NAJIB SAAB 2/10/2015

Landfills don’t solve the garbage problem, as much as producing more food doesn’t solve the hunger problem. Although part of the solution, both approaches are examples of partial measures bearing the seeds of bigger problems.

A myth promoted by some environmental amateurs claims that “waste is wealth.” The fact re-mains that waste is essentially garbage. Such theories attaching garbage to wealth serve to en-courage producing more garbage and making the problem worse. It’s true that some garbage components can be useful through recycling and reuse, but prior to that production of waste at the source must be decreased through serious measures, not public relations initiatives. De-creasing the use of plastic bags in supermarkets needs the imposition of a price and a tax on their use, which prompt shoppers to bring their bags with them to avoid paying the price. Re-ducing plastic and glass bottles in garbage needs the enforcement of a pricing and substitution mechanism, whereby buyers are reimbursed the price of empty bottles when they return them to supermarkets to be reused. It’s a known fact that discarded water and soft drink bottles and plastic bags are the biggest part of Arab garbage.

A price should be imposed for dumping discarded furniture and home appliances, depending on weight and type, to encourage reusing by consumers. Remaining garbage is treated with an integral set of measures, including composting, incineration and landfilling, according to every specific situation.

The “garbage is wealth” theory is only true when pollution is free and reuse and recycling are selective processes applied to easy and expensive waste, such as metals, while the rest, includ-ing poisonous and hazardous materials are discarded in haphazard dumps or landfills. Since qualified integrated treatment is costly, the solution starts with decreasing the size of garbage at the source, reuse and recycling and restricting treatment to what’s left – be it incineration, composting, landfilling or the three together. Although many Arab countries started applying integrated programs for waste management, it’s a pity that amateurs, although calling them-selves experts, still manage this serious matter in some countries, leading from on calamity to another.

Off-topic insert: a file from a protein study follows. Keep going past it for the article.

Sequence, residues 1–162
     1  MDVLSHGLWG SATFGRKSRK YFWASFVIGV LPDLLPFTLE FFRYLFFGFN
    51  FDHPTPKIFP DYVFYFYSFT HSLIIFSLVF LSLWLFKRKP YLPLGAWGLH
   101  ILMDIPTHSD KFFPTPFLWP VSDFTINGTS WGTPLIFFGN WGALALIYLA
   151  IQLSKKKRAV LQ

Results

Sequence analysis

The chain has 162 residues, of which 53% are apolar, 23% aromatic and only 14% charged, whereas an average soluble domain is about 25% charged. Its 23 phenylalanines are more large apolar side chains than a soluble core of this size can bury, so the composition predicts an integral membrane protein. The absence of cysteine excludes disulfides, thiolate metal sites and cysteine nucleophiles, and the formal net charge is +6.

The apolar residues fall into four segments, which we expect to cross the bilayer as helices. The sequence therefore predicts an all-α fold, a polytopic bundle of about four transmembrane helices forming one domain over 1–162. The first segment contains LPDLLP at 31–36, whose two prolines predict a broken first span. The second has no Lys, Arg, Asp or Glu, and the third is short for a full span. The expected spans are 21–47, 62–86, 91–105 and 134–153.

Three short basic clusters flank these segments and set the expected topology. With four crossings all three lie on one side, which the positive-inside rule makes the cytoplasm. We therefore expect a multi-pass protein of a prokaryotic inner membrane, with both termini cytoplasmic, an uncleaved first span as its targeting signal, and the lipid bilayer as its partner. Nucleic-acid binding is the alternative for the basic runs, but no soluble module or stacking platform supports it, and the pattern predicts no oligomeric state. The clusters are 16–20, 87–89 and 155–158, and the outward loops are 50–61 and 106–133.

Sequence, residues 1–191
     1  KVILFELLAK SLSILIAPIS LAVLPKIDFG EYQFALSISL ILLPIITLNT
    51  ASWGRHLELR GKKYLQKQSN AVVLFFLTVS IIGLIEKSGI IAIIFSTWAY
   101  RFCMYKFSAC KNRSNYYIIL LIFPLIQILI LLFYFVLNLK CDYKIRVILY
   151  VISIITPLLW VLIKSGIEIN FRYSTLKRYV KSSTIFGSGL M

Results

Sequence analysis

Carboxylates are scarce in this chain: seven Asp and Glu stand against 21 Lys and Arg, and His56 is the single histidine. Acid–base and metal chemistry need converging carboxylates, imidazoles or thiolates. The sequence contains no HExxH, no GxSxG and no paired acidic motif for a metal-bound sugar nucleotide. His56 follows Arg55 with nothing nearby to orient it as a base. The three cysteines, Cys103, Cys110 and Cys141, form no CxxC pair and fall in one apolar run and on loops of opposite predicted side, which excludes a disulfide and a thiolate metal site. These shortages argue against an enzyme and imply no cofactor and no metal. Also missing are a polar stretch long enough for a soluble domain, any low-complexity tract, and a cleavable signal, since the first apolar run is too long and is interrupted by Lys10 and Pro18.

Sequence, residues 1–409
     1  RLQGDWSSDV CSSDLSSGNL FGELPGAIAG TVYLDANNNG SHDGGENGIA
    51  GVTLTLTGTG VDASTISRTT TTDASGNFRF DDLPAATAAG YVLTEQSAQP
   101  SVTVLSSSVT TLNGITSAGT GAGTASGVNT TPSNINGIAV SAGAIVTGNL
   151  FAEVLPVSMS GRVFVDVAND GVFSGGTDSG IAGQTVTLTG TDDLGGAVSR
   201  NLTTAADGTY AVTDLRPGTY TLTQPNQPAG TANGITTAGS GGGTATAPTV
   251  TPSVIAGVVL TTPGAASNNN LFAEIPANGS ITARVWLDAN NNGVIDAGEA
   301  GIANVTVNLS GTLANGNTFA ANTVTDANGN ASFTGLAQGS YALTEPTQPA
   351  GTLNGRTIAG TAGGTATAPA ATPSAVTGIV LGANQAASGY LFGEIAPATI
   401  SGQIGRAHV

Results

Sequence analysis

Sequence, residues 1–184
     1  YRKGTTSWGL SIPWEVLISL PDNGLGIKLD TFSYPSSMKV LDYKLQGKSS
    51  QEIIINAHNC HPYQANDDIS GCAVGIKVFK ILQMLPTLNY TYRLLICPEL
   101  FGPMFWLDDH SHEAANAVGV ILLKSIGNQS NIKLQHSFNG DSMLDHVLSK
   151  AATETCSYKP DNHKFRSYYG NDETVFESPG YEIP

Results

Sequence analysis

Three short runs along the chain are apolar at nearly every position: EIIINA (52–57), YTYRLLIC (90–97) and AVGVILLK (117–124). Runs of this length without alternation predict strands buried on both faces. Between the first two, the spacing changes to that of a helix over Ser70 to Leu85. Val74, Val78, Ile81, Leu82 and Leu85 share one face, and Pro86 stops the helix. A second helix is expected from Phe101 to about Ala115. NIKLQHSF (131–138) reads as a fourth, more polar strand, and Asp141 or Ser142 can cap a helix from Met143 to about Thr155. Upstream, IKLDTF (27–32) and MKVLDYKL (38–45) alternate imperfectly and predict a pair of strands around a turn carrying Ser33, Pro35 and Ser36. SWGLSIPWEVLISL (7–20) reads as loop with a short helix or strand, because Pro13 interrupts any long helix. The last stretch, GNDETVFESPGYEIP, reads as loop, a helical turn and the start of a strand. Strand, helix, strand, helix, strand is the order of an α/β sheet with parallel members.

Restricting the management of the waste problem by just building more landfills and incinera-tors, is equal to reducing the hunger and food security problem by increasing food production. True that climate change led to less food production in many parts of the world, but the hunger problem isn’t in the first place the result of climate change but a consequence of failures by some countries and societies to deal with these impacts. Hunger is as much man-made as cli-mate change, and solution requires systemic measures not limited to increased production by any means.

Hiding behind climate factors and natural disasters as pretexts for covering up dereliction in other matters isn’t new. When famine hit British colonies in the 19th century, claimed reasons were restricted to drought and bad weather, while the main reason was bad management sys-tems making some regions more sensitive and more prone to natural factors.

History repeats itself today; we talk about climate change as a consequence of human activities and as a cause of less food production, but we forget that hunger is also man-made and a result of bad management and unfair access and distribution. Therefore producing more food, with-out providing just distribution and observing people’s right to food, won’t feed the hungry.

Believing that more food is needed to face climate change leads to calling for new production methods, mainly genetically modified foods (GMFs), which can withstand draught and pests. Here is the crux of the problem: large corporate players monopolize GMF seeds, making access to them restricted to those who can afford their prices. This won’t solve the hunger problem; it will allow monopolizing corporations, hunting for opportunities in food and garbage, make more profits.

In both cases, the solution starts with modifying consumption patterns. In terms of garbage, it is a perquisite to decrease quantities at the source by reducing waste and using recyclable prod-ucts. And before using GMFs, monopolized by some corporations at high cost, it is more feasible to improve production efficiency and apply fair distribution, coupled with changing consump-tion patterns by switching to alternative foods which need less water to be produced.

Sustainable consumption will be the subject of a comprehensive report by AFED in November. This will incorporate a public opinion survey on consumption patterns, carried out in 22 Arab countries. The report will show that sound environmental management starts with addressing the causes, not with circumstantial fixing of the consequences.